The man, one of the Ponderosa ranch hands, shifted uncomfortably in the saddle and looked away. “Roy Coffee found something,” the cowboy answered, his eyes cast down. Then he looked up at Ben. “It looks like a body buried in a ditch.”
Ben swayed in the saddle. He felt as if the man had dealt him a blow to the stomach.
“Any idea how long it’s been there?” asked Adam.
“Not long,” the ranch hand replied. “A couple of days at most.”
A sense of grief engulfed Ben and he closed his eyes. He had been praying that they would find his youngest son, but not like this. He wanted Joe alive and well.
“Show us,” Ben ordered in a sad voice as he slowly opened his eyes to look at the ranch hand.
Nodding, the cowboy turned his horse and led the Cartwrights over the hill and down the trail. As they reached a small clearing, the riders could see Roy Coffee standing on the edge of a gully. Two men were using small shovels to throw dirt from the depression onto the land above.
As the riders stopped their mounts, Ben sat for a moment, a grim look on his face. Then, almost reluctantly, he dismounted. The other riders did the same.
Hearing the sound of the men approaching, Roy turned away from the gully. With rapid strides, he walked over to meet Ben. “It’s not Joe,” Roy said quickly.
Ben’s body sagged. He felt a sense of relief that the body wasn’t his son, but also a renewed sense of despair at yet another false sign. “Any idea who it is?” Ben asked.
“Nope,” Roy answered, shaking his head. “Never saw him before. Looks like a trapper. He’s wearing a fur vest and leather pants. He was shot in the chest. It seems like someone tried to hide the body.”
“Do you think Joe had anything to do with this?” asked Adam.
“No way of telling,” admitted Roy, “but I doubt it. I know Joe. He wouldn’t shoot a man without cause. And if he had shot him, he would come tell me about it.”
With a frown on his face, Hoss started looking around the clearing. He walked a few feet away from the ditch and knelt down on the ground. “Pa, it looks like someone tried to cover up the shooting,” he stated. “The ground’s been brushed over, and some of the grass has been pulled up. But there’s some blood over here that they missed.”
Ben nodded, not really interested. The killing of a stranger held little importance for him.
“Ben, I’m going to take the body back to town,” said the sheriff. “I’ll see if anybody can identify him.” Roy hesitated, then continued. “I’m going to take the posse with me. We’re not going to find anything up here.”
“We can’t stop looking!” Ben cried, his voice tinged with desperation.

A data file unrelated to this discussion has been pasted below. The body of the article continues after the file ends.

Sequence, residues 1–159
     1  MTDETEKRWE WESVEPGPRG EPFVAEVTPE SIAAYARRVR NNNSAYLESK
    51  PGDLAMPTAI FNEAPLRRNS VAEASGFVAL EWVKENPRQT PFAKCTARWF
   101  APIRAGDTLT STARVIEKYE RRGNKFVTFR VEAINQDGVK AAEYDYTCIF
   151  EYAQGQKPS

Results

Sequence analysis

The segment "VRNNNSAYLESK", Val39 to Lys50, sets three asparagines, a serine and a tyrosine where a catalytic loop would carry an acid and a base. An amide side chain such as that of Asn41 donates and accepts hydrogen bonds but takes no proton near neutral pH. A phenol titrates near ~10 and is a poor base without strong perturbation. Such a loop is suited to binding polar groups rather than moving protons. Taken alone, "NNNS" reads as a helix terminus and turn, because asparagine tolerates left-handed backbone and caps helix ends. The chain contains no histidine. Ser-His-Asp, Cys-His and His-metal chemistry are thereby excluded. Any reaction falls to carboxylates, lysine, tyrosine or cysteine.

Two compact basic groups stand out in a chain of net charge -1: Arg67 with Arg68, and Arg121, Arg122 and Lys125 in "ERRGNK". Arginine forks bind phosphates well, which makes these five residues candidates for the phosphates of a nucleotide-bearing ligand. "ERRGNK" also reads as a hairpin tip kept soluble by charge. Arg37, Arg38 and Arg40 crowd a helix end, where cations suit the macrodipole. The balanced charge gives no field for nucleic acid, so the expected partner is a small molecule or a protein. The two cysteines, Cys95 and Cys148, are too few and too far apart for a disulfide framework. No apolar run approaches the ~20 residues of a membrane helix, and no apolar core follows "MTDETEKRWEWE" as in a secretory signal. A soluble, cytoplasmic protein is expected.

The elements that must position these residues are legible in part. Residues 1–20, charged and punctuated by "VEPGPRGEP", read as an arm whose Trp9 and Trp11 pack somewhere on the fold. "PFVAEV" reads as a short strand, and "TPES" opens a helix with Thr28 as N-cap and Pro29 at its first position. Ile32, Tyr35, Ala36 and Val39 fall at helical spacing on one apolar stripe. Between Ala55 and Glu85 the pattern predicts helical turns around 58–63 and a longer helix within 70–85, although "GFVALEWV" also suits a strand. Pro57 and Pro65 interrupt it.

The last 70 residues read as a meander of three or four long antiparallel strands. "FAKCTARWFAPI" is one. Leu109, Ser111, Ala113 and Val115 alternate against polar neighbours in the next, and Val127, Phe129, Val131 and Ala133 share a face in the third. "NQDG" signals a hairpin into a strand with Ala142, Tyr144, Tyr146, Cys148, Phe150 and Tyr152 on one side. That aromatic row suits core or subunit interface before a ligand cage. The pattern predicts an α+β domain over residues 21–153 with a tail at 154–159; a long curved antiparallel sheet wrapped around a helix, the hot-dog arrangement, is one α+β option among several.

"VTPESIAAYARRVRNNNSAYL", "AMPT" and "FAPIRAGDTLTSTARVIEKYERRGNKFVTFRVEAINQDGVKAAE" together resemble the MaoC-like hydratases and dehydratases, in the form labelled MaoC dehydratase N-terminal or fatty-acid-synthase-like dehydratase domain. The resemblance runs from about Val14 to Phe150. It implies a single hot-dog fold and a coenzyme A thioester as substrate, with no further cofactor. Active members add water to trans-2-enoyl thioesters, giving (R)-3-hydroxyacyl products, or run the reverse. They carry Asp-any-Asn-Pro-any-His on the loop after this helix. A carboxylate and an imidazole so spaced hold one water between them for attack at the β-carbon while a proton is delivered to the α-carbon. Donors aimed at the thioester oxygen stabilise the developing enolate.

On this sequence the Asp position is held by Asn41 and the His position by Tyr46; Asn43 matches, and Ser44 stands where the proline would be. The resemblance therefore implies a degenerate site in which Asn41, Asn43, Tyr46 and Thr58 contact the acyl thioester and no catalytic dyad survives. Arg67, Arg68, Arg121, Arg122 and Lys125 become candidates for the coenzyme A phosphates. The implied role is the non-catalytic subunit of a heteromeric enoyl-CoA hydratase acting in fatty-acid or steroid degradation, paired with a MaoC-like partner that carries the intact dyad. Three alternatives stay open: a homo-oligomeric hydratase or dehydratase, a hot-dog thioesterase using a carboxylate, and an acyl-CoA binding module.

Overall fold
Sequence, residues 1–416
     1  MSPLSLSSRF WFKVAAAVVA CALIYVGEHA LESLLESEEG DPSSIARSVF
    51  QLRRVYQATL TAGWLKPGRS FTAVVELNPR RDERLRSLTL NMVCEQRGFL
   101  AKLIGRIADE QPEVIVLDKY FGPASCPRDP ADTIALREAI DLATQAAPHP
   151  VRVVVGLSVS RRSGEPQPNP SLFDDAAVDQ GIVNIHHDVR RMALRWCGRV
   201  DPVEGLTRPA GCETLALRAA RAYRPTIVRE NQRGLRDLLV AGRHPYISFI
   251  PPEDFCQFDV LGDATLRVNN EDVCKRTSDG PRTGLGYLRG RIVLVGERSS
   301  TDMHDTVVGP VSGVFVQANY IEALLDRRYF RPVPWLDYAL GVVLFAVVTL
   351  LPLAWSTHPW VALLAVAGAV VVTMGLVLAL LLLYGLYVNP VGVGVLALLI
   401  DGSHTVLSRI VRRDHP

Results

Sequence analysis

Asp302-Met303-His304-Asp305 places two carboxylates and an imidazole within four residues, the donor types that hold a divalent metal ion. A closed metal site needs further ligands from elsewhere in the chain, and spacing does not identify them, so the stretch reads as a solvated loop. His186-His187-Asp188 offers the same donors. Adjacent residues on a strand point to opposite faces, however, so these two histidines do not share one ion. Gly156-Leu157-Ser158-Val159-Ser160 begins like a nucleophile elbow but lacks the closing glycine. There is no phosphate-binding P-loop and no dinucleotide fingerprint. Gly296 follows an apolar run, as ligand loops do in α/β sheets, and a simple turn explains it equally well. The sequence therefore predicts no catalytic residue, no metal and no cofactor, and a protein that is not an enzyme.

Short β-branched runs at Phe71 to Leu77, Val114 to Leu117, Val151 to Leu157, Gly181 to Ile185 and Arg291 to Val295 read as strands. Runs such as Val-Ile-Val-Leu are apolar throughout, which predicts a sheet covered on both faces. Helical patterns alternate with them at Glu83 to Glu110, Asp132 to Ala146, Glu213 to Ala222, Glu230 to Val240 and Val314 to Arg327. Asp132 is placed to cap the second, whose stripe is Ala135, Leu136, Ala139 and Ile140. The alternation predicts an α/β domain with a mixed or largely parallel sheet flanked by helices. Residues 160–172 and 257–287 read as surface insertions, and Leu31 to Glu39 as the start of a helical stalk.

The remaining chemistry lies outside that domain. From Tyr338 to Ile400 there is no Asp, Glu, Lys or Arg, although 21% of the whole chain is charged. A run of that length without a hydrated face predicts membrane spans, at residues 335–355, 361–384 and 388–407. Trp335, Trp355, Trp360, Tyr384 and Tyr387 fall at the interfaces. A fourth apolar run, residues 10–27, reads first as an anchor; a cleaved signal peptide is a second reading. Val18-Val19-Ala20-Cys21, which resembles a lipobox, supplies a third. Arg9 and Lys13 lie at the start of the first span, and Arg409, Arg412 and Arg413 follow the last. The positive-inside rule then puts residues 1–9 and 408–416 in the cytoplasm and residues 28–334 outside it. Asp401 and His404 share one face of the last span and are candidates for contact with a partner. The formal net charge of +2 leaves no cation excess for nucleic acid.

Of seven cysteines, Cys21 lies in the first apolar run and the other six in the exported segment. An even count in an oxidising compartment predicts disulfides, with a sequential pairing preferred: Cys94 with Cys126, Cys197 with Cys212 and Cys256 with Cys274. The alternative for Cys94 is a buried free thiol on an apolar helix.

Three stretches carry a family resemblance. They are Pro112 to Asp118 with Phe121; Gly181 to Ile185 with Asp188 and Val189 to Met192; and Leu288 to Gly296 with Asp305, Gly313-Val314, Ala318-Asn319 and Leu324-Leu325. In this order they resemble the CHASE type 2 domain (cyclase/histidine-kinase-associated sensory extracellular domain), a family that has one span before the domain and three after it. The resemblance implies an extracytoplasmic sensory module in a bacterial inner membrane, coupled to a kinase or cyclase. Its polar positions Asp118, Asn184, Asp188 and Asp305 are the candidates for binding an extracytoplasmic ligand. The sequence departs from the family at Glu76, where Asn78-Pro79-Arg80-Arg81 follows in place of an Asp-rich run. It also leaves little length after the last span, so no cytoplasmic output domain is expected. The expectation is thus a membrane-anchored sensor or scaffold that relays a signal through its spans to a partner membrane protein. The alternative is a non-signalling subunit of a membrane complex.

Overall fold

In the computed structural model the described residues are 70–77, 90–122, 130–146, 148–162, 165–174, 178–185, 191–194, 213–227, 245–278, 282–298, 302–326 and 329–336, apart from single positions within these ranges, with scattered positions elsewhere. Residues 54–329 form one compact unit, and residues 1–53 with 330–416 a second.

“Pa, Roy’s right,” Adam told his father. “We’re just covering the same ground we’ve covered the last four days.”
“But no one found the trapper until now,” Ben argued. “Maybe we missed something else.”
“Ben, I saw that mound of dirt in the gully yesterday,” Roy remarked. “I didn’t start digging in it until I ran out of places to look. Believe me, if there was some other sign, we would have found it by now.”
Nodding sadly, Ben had to admit what Roy was saying was true. But he didn’t know where else to look for his son. The thought of going home and doing nothing deepened his despair.
Walking over to his father, Hoss put his hand on Ben’s shoulder. “Pa, if something had happened to Joe, we would have found some sign,” he insisted. “For whatever reason, he left this mountain. The best thing to do is go back to the ranch and wait. Joe will get word to us, you’ll see.”
Ben looked at his son. “I hope you’re right,” he said dejectedly.
Felling someone gently shaking him awake, Joe stirred and slowly opened his eyes. The woman was kneeling next to him, a smile on her face.
“You have been sleeping a long time,” she declared. “How do you feel?”
Joe thought a minute before answering. “Better,” he said truthfully. His side was aching, but the pain was minimal. His headache was nearly gone. Joe looked at the woman. “I don’t know your name,” he added.
“I am called Singing Dove,” the woman answered.
“I’m Joe….Joe Cartwright,” Joe offered in return.
“I am happy to meet you, Joe Cartwright,” Singing Dove acknowledged with a smile.
“Not near as happy as I am to meet you,” Joe stated with a grin. Suddenly, the aroma of food seemed to fill the shelter. Joe saw a bowl on the ground with a bit of steam rising from the top. “Is that something to eat?” he asked, eyeing the bowl hopefully.
Singing Dove laughed. “Yes. Are you hungry?”
“Starved,” answered Joe, his mouth watering.
“Let me help you sit up,” offered Singing Dove. She place her hand behind Joe’s back and gently pushed him up to a sitting position. Moving rolls of blankets, she helped Joe reposition himself until the mound of cloth supported his back. Satisfied that he was sitting comfortably, Singing Dove handed Joe the bowl; a wooden spoon was sticking out of a thick stew. “Eat slowly,” the woman advised. “Your belly must get used to the idea of food again.”